With whirlwind action, a spectrum of musical genres and dance moves, nonstop humor that ranges from slapstick to witty quips and over-the-top character depictions, and a story that carries some valuable life lessons along the way, it’s hard to believe that Riverside Children’s Theater production of “Peter and the Wolf” is brought to life by a cast of only five actors.
But these are not average thespians. The unique talents and skills of each convincingly and comically bring the various personalities of the characters to the stage and the strength of the vocals by all is impressive.
As the action begins, the audience gets a literal sneak peek at each of the characters as they peep out of crates labeled with their names. Peter (an agile and athletic Sam Cook) celebrates the beauty of the morning and is soon joined by his friends Bird (Angelina Beale, who flutters and frets in authentic birdlike manner) and Duck (Maria Blackburn, who carries a comic flair and later plays the role of a hunter). Soon, a third friend enters, the Cat (performed by svelte and slithering Nicole Senkowski, whose facial expressions serve as asides that connect with the audience).
Cat makes it known that she is yet to have her lunch—and looks upon Bird with hungry eyes. This allusion to hunter and prey sets the stage for the entry of the notorious Wolf (played with delightful syrupy duplicity and craftiness by Wilson Pezzuto—who doubles in the role of Peter’s Grandfather, a character who is perennially petrified by the dangers of possible threats).
The story unfolds with a series of plots by the cunning Wolf to fill his belly with young Peter’s friends and a counterplot by the boy to catch the prowler with a trap he designed that calls to mind the convoluted inventions of Rube Goldberg.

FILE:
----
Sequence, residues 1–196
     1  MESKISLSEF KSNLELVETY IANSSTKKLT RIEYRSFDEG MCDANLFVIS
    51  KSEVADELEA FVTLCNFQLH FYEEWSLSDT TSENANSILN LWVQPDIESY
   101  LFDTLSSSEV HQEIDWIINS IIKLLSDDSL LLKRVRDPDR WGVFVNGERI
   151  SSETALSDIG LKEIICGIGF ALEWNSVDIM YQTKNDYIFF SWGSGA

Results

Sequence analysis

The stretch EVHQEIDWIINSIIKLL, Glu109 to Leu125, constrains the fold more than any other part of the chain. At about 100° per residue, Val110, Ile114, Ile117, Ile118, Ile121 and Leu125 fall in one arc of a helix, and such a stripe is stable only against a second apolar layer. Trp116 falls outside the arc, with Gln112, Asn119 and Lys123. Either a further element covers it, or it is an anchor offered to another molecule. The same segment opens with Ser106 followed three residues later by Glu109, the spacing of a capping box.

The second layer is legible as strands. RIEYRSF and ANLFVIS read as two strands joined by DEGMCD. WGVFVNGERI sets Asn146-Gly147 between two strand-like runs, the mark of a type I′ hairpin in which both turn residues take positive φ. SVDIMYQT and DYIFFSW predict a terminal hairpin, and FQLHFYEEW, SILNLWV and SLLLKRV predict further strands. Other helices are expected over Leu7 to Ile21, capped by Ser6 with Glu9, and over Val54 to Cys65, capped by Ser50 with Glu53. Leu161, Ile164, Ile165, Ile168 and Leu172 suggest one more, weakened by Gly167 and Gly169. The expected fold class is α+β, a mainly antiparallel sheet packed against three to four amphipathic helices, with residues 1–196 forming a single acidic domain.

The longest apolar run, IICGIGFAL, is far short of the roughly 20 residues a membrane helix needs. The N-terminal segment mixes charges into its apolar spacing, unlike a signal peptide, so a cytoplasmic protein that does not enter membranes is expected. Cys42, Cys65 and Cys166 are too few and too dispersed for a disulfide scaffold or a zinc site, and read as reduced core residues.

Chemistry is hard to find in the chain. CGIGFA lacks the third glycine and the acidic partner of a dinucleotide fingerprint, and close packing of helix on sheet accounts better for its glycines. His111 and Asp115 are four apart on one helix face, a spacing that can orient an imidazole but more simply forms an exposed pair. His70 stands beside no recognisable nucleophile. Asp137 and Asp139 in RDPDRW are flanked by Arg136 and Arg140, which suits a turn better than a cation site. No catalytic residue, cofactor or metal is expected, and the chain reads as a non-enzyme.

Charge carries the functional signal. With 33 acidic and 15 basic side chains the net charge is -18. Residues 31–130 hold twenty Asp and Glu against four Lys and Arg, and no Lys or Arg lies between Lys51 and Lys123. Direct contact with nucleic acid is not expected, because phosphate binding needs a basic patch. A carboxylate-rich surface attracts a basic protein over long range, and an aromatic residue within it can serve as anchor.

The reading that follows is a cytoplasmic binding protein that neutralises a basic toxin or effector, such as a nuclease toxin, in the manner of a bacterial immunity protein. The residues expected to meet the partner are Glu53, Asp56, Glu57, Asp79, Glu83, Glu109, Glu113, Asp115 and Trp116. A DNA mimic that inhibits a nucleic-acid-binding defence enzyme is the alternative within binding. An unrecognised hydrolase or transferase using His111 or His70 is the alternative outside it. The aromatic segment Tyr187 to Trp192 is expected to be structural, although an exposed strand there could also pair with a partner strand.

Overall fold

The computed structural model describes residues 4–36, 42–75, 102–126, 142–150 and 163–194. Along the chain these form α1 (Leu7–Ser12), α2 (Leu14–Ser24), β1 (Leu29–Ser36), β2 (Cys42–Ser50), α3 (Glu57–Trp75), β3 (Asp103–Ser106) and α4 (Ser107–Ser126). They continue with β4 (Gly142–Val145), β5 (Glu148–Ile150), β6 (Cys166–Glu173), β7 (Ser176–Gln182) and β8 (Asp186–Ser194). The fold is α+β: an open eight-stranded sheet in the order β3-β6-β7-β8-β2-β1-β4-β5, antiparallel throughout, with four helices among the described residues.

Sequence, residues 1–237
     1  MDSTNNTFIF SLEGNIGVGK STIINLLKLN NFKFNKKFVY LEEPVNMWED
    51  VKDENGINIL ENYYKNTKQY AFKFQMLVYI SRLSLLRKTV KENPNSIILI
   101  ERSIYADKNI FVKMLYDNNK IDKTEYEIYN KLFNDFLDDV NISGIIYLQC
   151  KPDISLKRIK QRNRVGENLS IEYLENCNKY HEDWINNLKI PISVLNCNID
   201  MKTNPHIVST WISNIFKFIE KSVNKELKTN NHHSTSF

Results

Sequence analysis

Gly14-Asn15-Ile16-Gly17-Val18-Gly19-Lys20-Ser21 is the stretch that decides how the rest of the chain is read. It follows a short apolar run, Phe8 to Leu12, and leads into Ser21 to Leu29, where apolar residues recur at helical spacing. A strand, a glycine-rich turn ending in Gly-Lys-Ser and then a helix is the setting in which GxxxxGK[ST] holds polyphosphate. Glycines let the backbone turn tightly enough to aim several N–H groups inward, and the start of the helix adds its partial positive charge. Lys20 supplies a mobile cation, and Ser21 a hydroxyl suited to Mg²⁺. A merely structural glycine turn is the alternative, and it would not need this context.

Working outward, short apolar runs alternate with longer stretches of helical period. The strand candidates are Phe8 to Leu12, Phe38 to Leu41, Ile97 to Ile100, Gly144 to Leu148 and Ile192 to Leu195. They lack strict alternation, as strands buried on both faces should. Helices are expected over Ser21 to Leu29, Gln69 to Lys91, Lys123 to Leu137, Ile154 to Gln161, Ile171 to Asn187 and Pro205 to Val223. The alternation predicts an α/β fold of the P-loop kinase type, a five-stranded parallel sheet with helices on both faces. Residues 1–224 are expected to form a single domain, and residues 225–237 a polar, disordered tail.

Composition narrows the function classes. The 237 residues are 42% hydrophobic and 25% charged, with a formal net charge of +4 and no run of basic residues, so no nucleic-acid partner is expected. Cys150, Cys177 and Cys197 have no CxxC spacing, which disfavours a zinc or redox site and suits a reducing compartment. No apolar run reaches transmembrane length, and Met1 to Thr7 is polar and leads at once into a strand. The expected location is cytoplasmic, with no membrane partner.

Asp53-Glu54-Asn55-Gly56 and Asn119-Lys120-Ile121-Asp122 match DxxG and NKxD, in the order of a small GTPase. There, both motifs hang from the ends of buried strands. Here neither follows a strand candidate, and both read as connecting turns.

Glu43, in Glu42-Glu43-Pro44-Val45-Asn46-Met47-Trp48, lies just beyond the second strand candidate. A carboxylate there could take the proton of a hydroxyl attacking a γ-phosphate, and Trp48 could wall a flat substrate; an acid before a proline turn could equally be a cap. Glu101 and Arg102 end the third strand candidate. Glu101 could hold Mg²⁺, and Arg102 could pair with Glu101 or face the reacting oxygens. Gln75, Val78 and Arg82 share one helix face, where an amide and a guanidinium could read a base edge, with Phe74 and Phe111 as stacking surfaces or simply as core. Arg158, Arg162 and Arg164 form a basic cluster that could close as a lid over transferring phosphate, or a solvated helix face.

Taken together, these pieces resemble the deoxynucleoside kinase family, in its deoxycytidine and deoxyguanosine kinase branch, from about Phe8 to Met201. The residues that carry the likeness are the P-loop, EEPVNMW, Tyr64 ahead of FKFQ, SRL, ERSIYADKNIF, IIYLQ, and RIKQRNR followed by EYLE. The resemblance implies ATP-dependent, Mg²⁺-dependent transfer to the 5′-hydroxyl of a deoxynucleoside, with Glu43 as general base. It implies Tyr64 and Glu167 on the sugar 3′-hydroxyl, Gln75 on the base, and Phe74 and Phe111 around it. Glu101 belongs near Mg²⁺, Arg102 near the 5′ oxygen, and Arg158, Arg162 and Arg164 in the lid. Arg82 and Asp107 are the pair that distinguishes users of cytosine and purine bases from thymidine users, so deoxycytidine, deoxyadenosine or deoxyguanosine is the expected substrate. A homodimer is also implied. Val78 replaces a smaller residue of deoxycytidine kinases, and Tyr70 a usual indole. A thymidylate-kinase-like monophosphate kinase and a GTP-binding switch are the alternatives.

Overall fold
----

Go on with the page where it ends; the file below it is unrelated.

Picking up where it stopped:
Along the way, the Wolf does manage to make a meal of the waddling duck and is later nearly done in himself by a hunter’s musket. Yet, with musical numbers that range from soft-shoe and vaudeville to a five-person tango (written by Hummie Mann, presented by music director Mary Thompson, and delightfully choreographed by Briannne Cook), the spirit of the show is upbeat and humorous throughout.
The various performers move the action along, taking turns as narrators and even miming the action and emotion at points. And, though young audiences will be engaged and enthralled as they cheer and boo throughout the different scenes, their connection with the actors is established early on with a butterfly chase that takes Peter through the theater.
Any unsettling feelings about Duck’s demise are put to rest by a scene in which she speaks from Wolf’s belly (evidence that she was swallowed whole). Peter agrees that you can’t blame an animal for just being true to his nature and declares “That’s what Wolfies do!”
Quick-thinking Peter then devises a plan to deliver the Wolf from the hunter’s danger by transferring him, via a parade of the cast of characters, to the local zoo. Wolf finds this quite agreeable, given that he has received letters from an uncle in a zoo, who has told him about the easy life and three square meals a day.
“The show is lighthearted and sometimes even cartoon-like, but it also carries a message for young and old alike,” said director Steve Thompson. “People are who they are, and you can either accept them for who they are and be friends with them or live in fear of them. But that would clearly shut you off from a lot of life’s possibilities!”